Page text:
AL­PHA (PG)

The Gold Coast Bulletin - Gold Coast Eye - - MOVIES EYE - YOUNG AUS­TRALIAN STAR KODI SMIT-MCPHEE STARS IN AL­PHA, A STARK, YET STUN­NINGLY MOUNTED AD­VEN­TURE ODYSSEY.

WHAT YOU LIVE IS WHAT YOU PET DI­REC­TOR: AL­BERT HUGHES (BOOK OF ELI) STAR­RING: KODI SMIT-MCPHEE, JO­HANNES HAUKUR JOHANNESSON, NATASSIA MALTHE

Long be­fore dogs had their day – some 20,000 years ago, to be ex­act – an­other species had an im­pres­sive try­out for the job as man’s best friend.

This is the story of a hardy Arc­tic wolf named Al­pha, and how she bud­died-up big­time with Keda (Aus­tralian star Kodi SmitMcPhee), the only son of the chief of a no­madic tribe.

On his very first hunt­ing ex­pe­di­tion, Keda gets on the wrong side of a ram­pag­ing pack of bi­son and tum­bles over a ledge.

Pre­sumed dead and bereft of most key sur­vival skills, Keda is fac­ing an im­pos­si­bly epic jour­ney home un­til a chance en­counter with the kindly and clever Al­pha.

What fol­lows is a stark, yet stun­ningly mounted ad­ven­ture odyssey, wherein the boy and the wolf must meld minds to elude the dan­gers of a na­ture con­tin­u­ally con­spir­ing against them.

De­spite the movie’s un­con­ven­tional struc­ture where there is very lit­tle spo­ken di­a­logue, and what you do hear needs to be fur­ther de­coded with the aid of sub­ti­tles, it re­mains a cu­ri­ously in­volv­ing af­fair from start to fin­ish.

Plau­dits must go to McPhee for his ex­cel­lent an­chor­ing per­for­mance, par­tic­u­larly in Al­pha’s open­ing act, which amounts to his only real op­por­tu­nity to graft some much-needed char­ac­ter de­vel­op­ment on to his role as Keda.

His in­ter­ac­tions with other mem­bers of the tribe are the most telling, set­ting up how we per­ceive Keda will fare when fac­ing the world on his own.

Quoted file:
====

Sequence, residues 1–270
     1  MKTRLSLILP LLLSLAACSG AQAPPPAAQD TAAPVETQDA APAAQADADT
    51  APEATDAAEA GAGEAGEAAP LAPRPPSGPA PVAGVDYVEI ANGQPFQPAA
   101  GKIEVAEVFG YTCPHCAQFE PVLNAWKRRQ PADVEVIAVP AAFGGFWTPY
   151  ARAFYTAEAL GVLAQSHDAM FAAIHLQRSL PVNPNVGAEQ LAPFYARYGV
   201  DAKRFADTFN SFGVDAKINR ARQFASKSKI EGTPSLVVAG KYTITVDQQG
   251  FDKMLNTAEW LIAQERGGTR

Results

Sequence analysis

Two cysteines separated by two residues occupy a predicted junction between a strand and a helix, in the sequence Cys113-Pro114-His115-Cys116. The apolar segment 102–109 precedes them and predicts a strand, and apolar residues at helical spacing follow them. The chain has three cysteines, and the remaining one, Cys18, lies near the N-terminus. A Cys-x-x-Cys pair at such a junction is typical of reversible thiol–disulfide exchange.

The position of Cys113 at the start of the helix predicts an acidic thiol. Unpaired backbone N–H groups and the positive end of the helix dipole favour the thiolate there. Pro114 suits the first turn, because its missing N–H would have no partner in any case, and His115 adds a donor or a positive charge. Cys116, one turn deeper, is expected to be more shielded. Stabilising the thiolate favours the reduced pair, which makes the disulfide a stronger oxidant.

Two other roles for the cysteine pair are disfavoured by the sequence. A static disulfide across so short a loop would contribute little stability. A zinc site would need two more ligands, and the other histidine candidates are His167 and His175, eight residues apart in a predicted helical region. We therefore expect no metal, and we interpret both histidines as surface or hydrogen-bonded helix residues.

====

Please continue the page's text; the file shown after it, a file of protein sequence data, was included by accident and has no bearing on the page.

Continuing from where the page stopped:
His mother (Natassia Malthe) has reser­va­tions about Keda be­ing ready for the tribe’s big group hunt, ob­serv­ing her son “leads with his heart, not his spear”.

How­ever, Keda’s hard-headed fa­ther Tau (Jo­hannes Haukur Johannesson), is of the be­lief that “life is only for the strong”. The sooner his son learns this, the bet­ter equipped Keda will be to one day lead the tribe in his own right.

Once Keda is forced to go solo, SmitMcPhee’s sole co-star for the rest of the movie steps into frame with some re­mark­ably ex­pres­sive sup­port work. In the role of Al­pha, a very well-trained Czech wolfhound named Chuck ex­udes a noble em­pa­thy not of­ten de­tected in an­i­mal per­form­ers.

Younger view­ers (boys in par­tic­u­lar) will ef­fort­lessly plug into the Al­pha ex­pe­ri­ence on an easy-to-fol­low, comin­gof-Ice-Age level.

Older on­look­ers won’t mind it ei­ther as a shorter, sweeter ver­sion of The

Revenant, mi­nus the mur­ders and re­venge killings, of course.

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